Most of HP’s webOS team, including Matt McNulty, head of the project,is moving to Google according to a report by The Verge citing severalunnamed sources. The departing team is said to be almost whollyresponsible for Enyo’s code. Enyo replaced Mojo as webOS’s softwaredevelopment kit in 2011.
It is unclear what this move will mean to HP. In December 2011, itannounced it would contribute Enyo to the open source community.
Enyo 2 Lives
HP declined to provide further details, but in a blog post, itacknowledged that some key members of the Enyo team have left thecompany.
However, the majority of the engineering and leadership team was stillin place, HP said, and the company planned to redouble its efforts tocontinue development, working closely with the open source community.
It added that another release of Enyo is on the way and emphasizedthat the core of Enyo 2 is “solid.” After the Enyo release, HP plansto focus on expanding the Onyx widget set.
The team is hiring, according to the post, “not just to replace theengineers who have left, but to increase the size of the team goingforward.”
An Android Play
Clearly, the team’s move will give Google a competitive boost, withtthe engineers likely to develop more tools for Google to use tofurther crack open the mobile space via its Android platform.
“No one will argue with the fact that the user experience andinterface under webOS was very elegant,” James Brehm, seniorstrategist and consultant withCompassIntelligence, told LinuxInsider.
Google could use help in this area, said Trip Chowdhry, managingdirector of equity research for Global Equities Research.
“Android has always lagged iOS in terms of usability, so this couldgive it a boost in that competition,” he told LinuxInsider.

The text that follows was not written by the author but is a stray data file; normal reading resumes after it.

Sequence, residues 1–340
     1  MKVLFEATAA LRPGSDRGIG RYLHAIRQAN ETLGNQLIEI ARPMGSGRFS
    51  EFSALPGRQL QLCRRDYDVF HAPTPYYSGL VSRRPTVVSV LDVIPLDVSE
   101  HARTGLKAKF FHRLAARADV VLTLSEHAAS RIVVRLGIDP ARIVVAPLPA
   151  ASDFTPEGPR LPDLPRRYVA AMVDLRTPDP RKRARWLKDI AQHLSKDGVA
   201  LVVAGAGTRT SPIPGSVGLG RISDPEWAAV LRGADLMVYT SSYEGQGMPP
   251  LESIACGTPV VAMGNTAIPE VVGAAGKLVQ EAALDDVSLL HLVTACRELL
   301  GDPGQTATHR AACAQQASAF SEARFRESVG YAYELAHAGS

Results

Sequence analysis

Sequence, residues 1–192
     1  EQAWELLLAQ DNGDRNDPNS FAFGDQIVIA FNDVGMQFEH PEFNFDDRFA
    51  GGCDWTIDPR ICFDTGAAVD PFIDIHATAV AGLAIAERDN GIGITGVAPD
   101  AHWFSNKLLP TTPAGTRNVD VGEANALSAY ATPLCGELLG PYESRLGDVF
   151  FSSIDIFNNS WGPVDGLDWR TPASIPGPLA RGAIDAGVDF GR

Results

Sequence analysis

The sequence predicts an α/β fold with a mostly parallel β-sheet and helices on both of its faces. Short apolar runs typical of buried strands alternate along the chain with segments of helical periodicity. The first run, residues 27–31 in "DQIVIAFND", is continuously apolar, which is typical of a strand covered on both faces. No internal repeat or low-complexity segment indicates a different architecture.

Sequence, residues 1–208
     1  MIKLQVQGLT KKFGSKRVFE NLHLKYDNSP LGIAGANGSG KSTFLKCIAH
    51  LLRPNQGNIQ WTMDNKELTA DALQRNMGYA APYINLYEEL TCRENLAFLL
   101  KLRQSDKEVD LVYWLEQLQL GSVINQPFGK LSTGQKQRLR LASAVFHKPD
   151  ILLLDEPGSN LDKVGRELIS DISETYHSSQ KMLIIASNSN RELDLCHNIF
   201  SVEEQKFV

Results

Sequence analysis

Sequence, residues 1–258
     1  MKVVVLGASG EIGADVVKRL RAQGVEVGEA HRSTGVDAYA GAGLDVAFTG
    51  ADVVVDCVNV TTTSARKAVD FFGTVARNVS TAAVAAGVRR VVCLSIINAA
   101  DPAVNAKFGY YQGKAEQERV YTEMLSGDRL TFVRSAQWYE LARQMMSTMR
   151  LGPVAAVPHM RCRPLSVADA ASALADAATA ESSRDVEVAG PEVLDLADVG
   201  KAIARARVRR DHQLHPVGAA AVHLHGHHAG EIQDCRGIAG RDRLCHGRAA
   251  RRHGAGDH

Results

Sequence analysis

The Chrome Strategy
The migration of some of the webOS team presents another intriguingpossibility, Brehm added — that Google will use its talents toenhance Chrome, its App Store, and its convergence across differentform factors.
The team’s bona fides in HTML5 design and coding would be verycomplementary in that respect, he said.
Certainly HTML5 aligns with where Google is taking Chrome, JohnJackson, an analyst withCCS Insight,told LinuxInsider.
“For that reason I would expect this to relate more to Chromedevelopment than Android, but the two are not mutually exclusive,” hesaid.
In general, firms are making a significant amount of investment toaccelerate the maturation and stabilization of HTML5 as anext-generation mobile technology, noted Jackson.
Bringing those webOS developers in house, he continued, “would be veryconsistent in terms of what we expect Google’s long-term strategy tobe with Chrome.”
There are many unknowns, though, and thus it is difficult to sayexactly how the team members’ move to Google could boost itscompetitiveness, Brehm said.
“One immediate question I would have is who would be in control ofwhatever projects they work on,” he said. “There are some very bigpersonalities at work on Android and Chome at Google, and how muchcontrol they would be willing to cede to incoming webOS team membersis difficult to say.”
Also, the webOS team members might find the Google work environmentvastly different from HP’s corporate culture, he added.
Google did not respond to our request to comment for this story.